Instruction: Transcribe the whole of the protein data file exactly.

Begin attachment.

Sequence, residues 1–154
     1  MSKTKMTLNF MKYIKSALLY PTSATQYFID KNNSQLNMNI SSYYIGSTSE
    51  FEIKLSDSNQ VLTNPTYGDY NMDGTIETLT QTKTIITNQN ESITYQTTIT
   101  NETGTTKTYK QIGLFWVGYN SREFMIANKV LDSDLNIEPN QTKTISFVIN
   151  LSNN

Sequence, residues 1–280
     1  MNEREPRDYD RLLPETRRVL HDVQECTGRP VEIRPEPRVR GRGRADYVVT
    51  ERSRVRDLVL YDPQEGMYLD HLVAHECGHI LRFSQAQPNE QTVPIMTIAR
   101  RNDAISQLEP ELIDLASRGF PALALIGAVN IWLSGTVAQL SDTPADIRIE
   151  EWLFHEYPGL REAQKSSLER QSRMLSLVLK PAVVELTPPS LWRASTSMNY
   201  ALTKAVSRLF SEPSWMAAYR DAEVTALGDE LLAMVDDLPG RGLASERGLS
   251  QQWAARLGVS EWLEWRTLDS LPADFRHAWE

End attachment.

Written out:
Sequence, residues 1–154
     1  MSKTKMTLNF MKYIKSALLY PTSATQYFID KNNSQLNMNI SSYYIGSTSE
    51  FEIKLSDSNQ VLTNPTYGDY NMDGTIETLT QTKTIITNQN ESITYQTTIT
   101  NETGTTKTYK QIGLFWVGYN SREFMIANKV LDSDLNIEPN QTKTISFVIN
   151  LSNN

Sequence, residues 1–280
     1  MNEREPRDYD RLLPETRRVL HDVQECTGRP VEIRPEPRVR GRGRADYVVT
    51  ERSRVRDLVL YDPQEGMYLD HLVAHECGHI LRFSQAQPNE QTVPIMTIAR
   101  RNDAISQLEP ELIDLASRGF PALALIGAVN IWLSGTVAQL SDTPADIRIE
   151  EWLFHEYPGL REAQKSSLER QSRMLSLVLK PAVVELTPPS LWRASTSMNY
   201  ALTKAVSRLF SEPSWMAAYR DAEVTALGDE LLAMVDDLPG RGLASERGLS
   251  QQWAARLGVS EWLEWRTLDS LPADFRHAWE